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SGA board running unopposed in election
Nine of 13 positions in Webster University’s Student Government Association (SGA) will not be up for a contested vote this year, including president and vice president. Two of the 13 SGA positions did not receive any applications: senators in the School of Education and the School of Business and Technology. The only candidates who are not running unopposed in this election are the senators of the College of Arts and Sciences and the College of Fine Arts.
There are four candidates for the College of Arts and Sciences senator and four candidates for the College of Fine Arts senator. Each of these positions allow two candidates to hold office.
The nine SGA positions that are not up for a contested vote this year include president, vice president, comptroller, secretary, sergeant at arms, ambassador of student inclusion, student organization liaison, graduate senator, and School of Communications senator. Each of those positions only received one applicant.
C. Wiley, the current president of SGA who is also running unopposed for president next year, said there are positives and negatives to the uncontested elections.
“We did struggle this year to get applicants for certain positions,” Wiley said.
However, she also said that could provide opportunities for freshmen and transfer students to play a larger role in student government if they run for one of the senator at large positions which will be available in the fall. These seats are open to any student who wants to run.
SGA recruits students largely through word of mouth, although they also create a Facebook event page to reach out to potential candidates.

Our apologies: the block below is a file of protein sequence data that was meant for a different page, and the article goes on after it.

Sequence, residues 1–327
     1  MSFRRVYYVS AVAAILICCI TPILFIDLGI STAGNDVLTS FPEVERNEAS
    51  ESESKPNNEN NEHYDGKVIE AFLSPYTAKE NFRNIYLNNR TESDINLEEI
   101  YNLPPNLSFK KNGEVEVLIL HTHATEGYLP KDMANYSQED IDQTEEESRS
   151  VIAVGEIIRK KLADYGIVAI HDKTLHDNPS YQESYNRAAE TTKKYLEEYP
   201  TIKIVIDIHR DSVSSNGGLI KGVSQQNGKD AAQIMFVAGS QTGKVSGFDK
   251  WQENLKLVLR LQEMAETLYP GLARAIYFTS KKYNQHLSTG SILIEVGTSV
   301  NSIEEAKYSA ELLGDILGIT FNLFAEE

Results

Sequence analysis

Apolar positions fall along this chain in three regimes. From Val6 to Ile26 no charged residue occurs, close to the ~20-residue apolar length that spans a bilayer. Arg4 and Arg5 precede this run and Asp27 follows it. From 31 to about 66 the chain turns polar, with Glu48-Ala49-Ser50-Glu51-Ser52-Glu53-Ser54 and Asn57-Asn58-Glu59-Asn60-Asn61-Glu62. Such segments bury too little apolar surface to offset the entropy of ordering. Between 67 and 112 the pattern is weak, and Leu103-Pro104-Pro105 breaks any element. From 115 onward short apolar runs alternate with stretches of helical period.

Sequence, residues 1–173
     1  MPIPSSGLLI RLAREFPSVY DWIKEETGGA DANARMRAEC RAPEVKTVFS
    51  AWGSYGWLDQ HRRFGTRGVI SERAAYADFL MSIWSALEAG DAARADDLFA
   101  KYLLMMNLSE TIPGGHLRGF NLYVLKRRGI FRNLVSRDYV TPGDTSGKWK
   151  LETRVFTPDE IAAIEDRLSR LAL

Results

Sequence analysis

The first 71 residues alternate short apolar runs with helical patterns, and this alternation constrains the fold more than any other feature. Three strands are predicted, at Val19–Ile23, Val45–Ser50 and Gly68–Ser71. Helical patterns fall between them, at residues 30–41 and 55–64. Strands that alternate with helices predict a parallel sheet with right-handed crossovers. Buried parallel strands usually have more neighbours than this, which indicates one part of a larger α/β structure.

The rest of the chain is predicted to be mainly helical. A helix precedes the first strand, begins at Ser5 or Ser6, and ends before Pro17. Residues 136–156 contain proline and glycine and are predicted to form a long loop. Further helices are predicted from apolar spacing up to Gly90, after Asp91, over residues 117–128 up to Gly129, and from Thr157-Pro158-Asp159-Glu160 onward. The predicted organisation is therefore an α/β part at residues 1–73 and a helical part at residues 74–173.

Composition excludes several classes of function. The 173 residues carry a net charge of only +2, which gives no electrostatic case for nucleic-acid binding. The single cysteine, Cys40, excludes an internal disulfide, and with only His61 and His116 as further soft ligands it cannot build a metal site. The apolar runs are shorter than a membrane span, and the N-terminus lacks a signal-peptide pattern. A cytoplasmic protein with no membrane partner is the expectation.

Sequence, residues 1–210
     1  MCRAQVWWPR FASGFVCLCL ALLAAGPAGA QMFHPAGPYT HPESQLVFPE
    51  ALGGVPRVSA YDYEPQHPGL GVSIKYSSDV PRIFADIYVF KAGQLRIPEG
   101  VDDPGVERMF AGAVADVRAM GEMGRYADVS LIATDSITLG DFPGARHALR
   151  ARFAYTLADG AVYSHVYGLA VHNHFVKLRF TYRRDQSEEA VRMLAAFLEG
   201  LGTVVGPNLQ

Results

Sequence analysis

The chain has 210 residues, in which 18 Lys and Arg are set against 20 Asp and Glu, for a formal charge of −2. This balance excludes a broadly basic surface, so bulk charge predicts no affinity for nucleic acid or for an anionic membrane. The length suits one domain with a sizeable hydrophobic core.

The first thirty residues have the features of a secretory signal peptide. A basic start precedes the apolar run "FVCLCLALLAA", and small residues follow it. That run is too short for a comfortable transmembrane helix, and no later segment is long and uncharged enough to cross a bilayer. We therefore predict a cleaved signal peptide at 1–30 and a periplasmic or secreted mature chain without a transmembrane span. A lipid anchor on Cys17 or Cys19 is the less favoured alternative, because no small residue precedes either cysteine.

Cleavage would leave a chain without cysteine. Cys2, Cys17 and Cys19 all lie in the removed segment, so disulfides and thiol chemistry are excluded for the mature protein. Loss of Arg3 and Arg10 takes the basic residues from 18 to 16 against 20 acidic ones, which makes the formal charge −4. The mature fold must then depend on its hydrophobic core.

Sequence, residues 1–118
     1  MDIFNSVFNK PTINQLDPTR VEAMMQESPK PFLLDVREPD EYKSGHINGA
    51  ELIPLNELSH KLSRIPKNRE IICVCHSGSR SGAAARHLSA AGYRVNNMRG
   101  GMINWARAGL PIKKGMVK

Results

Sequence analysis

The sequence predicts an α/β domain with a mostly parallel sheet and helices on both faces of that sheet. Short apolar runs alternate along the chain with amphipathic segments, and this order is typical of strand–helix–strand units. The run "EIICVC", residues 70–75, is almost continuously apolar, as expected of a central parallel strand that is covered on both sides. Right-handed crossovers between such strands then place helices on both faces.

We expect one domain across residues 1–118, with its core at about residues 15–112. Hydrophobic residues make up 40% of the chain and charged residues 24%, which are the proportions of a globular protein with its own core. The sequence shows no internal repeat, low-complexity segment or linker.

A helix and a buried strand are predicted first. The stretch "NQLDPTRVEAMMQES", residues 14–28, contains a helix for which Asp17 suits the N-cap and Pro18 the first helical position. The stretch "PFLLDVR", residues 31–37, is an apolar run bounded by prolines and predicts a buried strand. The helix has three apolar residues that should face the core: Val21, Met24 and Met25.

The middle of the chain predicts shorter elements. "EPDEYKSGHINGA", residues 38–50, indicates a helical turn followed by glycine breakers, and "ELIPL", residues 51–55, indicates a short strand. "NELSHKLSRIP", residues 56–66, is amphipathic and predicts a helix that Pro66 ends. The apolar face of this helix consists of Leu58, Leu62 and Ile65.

“Other than that, it’s personal outreach,” she said.
Although several positions will be open at the beginning of the semester, Wiley said that anyone from the relevant schools who is interested could still apply. SGA can vote on whether to appoint a candidate who applies for an unoccupied seat.
Daniel von Seckendorff, who is running for the position of School of Communications senator, said that he expected about 200 students to vote in the election.
“There’s always room for it to go up,” von Seckendorff said.
He said that while SGA attempts to get more students involved in the elections, most elections in his experience only attract one or two candidates.
“It’s a little sad, but kind of normal,” von Seckendorff said.
The organization has also made a change to its officer positions this year. The Director of Communications, a public relations equivalent, will be replaced by a new Ambassador of Student Inclusion, who will focus on creating conversations between students, administration and faculty.
Kalani Seaver, SGA’s current Director of Communications, is running unopposed for the new position.
“SGA recognizes that the Director of Communications position was needed when it was implemented but is now in a place, especially with the spikes in social media and everyone’s ability to communicate through that, the Director of Communications position was no longer needed,” Seaver said.
The new Ambassador of Student Inclusion position, she said, will act as “a bridge that connects students and administration and faculty on diversity issues.”
Seaver said she became interested in student government when she saw a disconnect between the students and administration on the issue of sexual assault education and wanted to help the two groups communicate.
“Nowhere in those do you see that student work has ever been credited,” Seaver said. “That continually perpetuates that divide and the fact that students don’t really feel like they’ve accomplished what they went out to do, and that sort of dwindles down student involvement.”
Another goal is to help students and administration understand each other on social issues, despite being from different generations.
“Being on that diversity and inclusion committee with other faculty and administration, I think, would be extremely beneficial just to have more student involvement voices in these discussions,” Seaver said.
SGA elections are held online April 11 through 14. Webster students received an email at their academic addresses notifying them when voting began.